Thursday, February 24, 2011

Jesus Chooses [His First Round Draft Pick]

Eeeny-meeny-miney-MO.... ;) On Tuesday night we returned to the Gospel of Luke and, since we go section by section straight through, I was a bit stymied for discussion since all this passage said was Jesus went up a mountain, prayed, came down and chose his twelve disciples [out of the 70+ who were there]; we are then given their names, most of whom we NEVER hear from again.

Not very exciting, is it?

Then I began thinking about it. Then I saw what was going on in basketball this same week. So I wrote the following lesson.

It ended up being VERY encouraging to our group, especially the benediction in the end.

I've linked that so you can see what we saw. As the apostle Paul wrote later on, "God chooses the foolish things of this world to shame the wise."

And we are foolish, kids. Good thing God does not ask for competent men and women, but rather seeks to be glorified [i.e. 'made famous'] by grabbing up the most foolish of all!

Here's the lesson:

Jesus Names His First Round Draft Pick
It's basketball season and everyone is watching to see what fine player will go where, play on what team, and for how much.

I used to sneer at such pomp, but now I see it contains excitement and value to the fans. These players will, very likely, make the team they are on succeed or fail. They, as a unit, are going to change the face of the game for the next season. Their competitive abilities will make or break a franchise. And it is not just how well they can play but also how well they can work with the other team members. Personalities are involved, not just performance.

Before men chose their teams, God chose His, says Ephesians chapter one.

And also here, we are told, that Jesus chose His team – to preach and teach, to share the Good News and bring life to the dying; to cast out demons and set captives free.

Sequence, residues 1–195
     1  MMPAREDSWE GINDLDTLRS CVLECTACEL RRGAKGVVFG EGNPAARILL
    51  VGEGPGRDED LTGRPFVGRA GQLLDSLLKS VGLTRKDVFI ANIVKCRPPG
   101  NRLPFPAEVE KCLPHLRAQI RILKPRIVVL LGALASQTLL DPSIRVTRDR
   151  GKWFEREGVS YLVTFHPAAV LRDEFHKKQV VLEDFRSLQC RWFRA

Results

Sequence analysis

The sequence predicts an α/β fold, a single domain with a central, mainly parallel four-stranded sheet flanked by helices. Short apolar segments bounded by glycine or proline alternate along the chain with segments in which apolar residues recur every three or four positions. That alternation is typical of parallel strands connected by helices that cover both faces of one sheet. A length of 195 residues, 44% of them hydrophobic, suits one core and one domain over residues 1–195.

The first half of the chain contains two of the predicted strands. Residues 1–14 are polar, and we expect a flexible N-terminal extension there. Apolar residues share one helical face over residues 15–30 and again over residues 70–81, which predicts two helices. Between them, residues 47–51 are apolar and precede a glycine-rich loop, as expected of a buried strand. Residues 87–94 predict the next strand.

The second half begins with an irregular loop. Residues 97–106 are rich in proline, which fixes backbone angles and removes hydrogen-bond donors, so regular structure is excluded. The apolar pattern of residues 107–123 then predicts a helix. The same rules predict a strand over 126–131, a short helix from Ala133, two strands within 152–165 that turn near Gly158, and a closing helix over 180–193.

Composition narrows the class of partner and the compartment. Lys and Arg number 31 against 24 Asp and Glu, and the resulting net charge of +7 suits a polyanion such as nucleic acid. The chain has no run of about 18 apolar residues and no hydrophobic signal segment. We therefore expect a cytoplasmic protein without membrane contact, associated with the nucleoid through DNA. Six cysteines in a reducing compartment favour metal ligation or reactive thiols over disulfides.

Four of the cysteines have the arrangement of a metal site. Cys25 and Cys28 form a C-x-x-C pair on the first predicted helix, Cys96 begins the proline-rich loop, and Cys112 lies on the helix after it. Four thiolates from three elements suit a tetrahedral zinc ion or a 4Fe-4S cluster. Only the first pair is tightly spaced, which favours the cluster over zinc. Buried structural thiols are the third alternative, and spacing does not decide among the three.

The Twelve. What an awesome pick they were – because, as we learn, they were NOT awesome in and of themselves, but became so, because they were used by God.


Read in the round

Luke 6:12-16
12 One of those days Jesus went out to a mountainside to pray, and spent the night
praying to God.
13 When morning came, He called his disciples to him and chose twelve of them, whom He also designated apostles:
14 Simon (whom He named Peter), his brother Andrew, James, John, Philip, Bartholomew,
15 Matthew, Thomas, James son of Alphaeus, Simon who was called the Zealot,
16 Judas son of James, and Judas Iscariot, who became a traitor.

1) What action did Jesus take before choosing His crew? Where did He do this? What does it remind you of?

2) Is the number of men He chose symbolic in some way? [Read Genesis 49:28, Exodus 24:4, Exodus 39:14, Joshua 3:12, 1 Kings 18:31] What is the difference between a disciple and an apostle, if any?

3) How many times are there two disciples with the same basic name? Can THAT teach us anything meaningful about God? Why are their names listed, do you think?

Deuteronomy 7:6-9

Additional Notes:

Various Thinkers and Leaders on Encountering God

    C. S. Lewis, hopefully not thinking about the internet....
  • An "impersonal God"– well and good. A subjective God of beauty, truth and goodness, inside our own heads – better still. A formless life-force surging through us, a vast power which we can tap – best of all. But God Himself, alive, pulling at the other end of the cord, perhaps, approaching at infinite speed, the hunter, king, husband – that is quite another matter. There comes a moment when the children who have been playing at burglars hush suddenly: was that a real footstep in the hall? There comes a moment when people who have been dabbling in religion ("Man's search for God!") suddenly draw back. Supposing we really found Him? We never meant it to come to that! Worse still, supposing He had found us? –C. S. Lewis
  • God is not who you think He is; He is who He says He is. –Clarice Fluitt
  • Since God created man in His own image how often has man endeavored to render a similar service to God? –Voltaire
  • You must not lose confidence in God because you lost confidence in your pastor. If our confidence in God had to depend upon our confidence in any human person, we would be on shifting sand. –Francis Schaeffer
  • God creates out of nothing. Wonderful you say. Yes, to be sure, but he does what is still more wonderful: he makes saints out of sinners. –Kierkegaard
  • I am so tried by the things said about God. I understand God's patience with the wicked, but I do wonder how he can be so patient with the pious! –George MacDonald
  • God is a comedian playing to an audience too afraid to laugh. –Voltaire


I hope this lesson helps you to see your value to God comes from His love for you, not your performance or abilities.


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